HARTFORD – Today, in response to the dramatic increase in number of for-profit healthcare providers throughout the United States, U.S. Senator Chris Murphy (D-Conn.) released a report on the differences between for-profit and non-profit health care providers, and how those differences impact Medicare spending. Over the last decade, the United States has seen a national trend towards converting existing hospitals into for-profit entities. Connecticut has largely been immune to this trend. However, in recent years, for-profit hospital chains have attempted to convert nearly one-quarter of Connecticut’s hospitals to investor owned, for-profit models.

Murphy’s report shows that there are a number of differences between for-profit hospitals and non-profit hospitals that consumers and state officials should be aware of. For example, research has found that for-profit hospitals are more likely to offer services that are financially profitable, therefore charging federal health care programs like Medicare more per patient than a non-profit hospital. Additionally, research has found that as more for-profit hospitals move into a certain area, non-profit hospitals tend to prioritize revenue-generating services in order to keep up with the for-profit hospital.

“It’s important for consumers and health officials to understand the impact for-profit hospitals have on federal Medicare spending,” said Murphy. “As this report shows, at times for-profit hospitals are likely to prioritize their bottom line, and their mere presence in the market can pressure non-profits to prioritize revenue-generating services. I hope this report helps inform the debate about the future of Connecticut hospitals.”

Below are the key findings of Murphy’s report:

  • The number of for-profit hospitals is growing. Ten years ago, only 14 percent of all hospitals in the United States were for-profit. Today, one in five community hospitals are investor-owned.
  • For-profit hospitals are more likely to offer financially profitable services. For example, for-profits were 7 percent more likely to provide open-heart surgery than non-profits and 8 percent less likely to offer psychiatric emergency services.  Tests for more than 30 other services yielded similar results.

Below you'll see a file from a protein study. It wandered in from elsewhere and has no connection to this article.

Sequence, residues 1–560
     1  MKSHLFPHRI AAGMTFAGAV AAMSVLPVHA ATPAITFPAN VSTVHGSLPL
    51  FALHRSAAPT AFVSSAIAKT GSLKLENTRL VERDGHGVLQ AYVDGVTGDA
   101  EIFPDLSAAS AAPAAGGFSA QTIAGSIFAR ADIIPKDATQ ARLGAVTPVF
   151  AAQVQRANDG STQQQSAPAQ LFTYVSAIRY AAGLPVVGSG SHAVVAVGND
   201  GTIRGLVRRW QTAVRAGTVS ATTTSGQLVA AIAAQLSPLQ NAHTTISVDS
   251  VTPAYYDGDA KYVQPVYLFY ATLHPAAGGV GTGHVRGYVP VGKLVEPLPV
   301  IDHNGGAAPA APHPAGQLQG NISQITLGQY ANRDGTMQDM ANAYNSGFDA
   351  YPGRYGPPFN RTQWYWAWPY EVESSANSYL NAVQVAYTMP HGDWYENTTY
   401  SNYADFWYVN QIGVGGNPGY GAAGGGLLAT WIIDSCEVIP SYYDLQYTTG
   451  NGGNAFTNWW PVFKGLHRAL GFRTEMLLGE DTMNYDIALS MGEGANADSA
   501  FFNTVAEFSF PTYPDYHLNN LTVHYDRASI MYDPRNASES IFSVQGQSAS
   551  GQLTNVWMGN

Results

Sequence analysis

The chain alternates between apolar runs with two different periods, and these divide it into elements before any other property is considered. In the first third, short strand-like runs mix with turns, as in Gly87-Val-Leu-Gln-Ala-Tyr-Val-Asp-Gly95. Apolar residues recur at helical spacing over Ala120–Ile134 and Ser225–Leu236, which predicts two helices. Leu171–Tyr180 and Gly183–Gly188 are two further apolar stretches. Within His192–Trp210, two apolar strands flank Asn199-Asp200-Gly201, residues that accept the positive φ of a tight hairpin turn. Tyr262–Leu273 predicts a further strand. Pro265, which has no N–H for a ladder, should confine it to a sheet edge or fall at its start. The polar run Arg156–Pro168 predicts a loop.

• States with higher percentages of for-profit hospitals spend more per Medicare beneficiary than states with high percentages of non-profit hospitals.  For-profit dominant states typically spend approximately 3 percent more per Medicare enrollee than non-profit dominant states. 
  • If per-Medicare enrollee spending was at the same rate in the top non-profit states as in the top for-profit states, the Medicare program would have spent nearly $2 billion more in 2009. If Connecticut’s per-enrollee spending was the same as for-profit spending, Medicare would have spent $173 million more in that same year for Connecticut beneficiaries.  
  • The number of for-profit long-term care hospitals (LTCHs) is growing, predominantly in states that already had specialized hospitals. On average, Medicare accounts for two-thirds of all LTCH discharges and pays these hospitals almost $39,000 per case.  From 2003-2011, there was a 60 percent increase in for-profit long-term care hospitals, which corresponded with a 46 percent increase in total spending for these hospitals.
  • Non-profit hospital behavior changes when for-profits are in the same market. Research has found that when there are more for-profit hospitals in a city, non-profit hospitals in that area (1) respond aggressively to revenue-increasing opportunities, (2) adopt profitable services, (3) discourage admissions of unprofitable patients, and (4) reduce resources devoted to treating the patients they do admit. This “spill-over” effect could be problematic for the existing network of non-profit hospitals in Connecticut that plan to stay non-profit. 

The full report can be accessed here.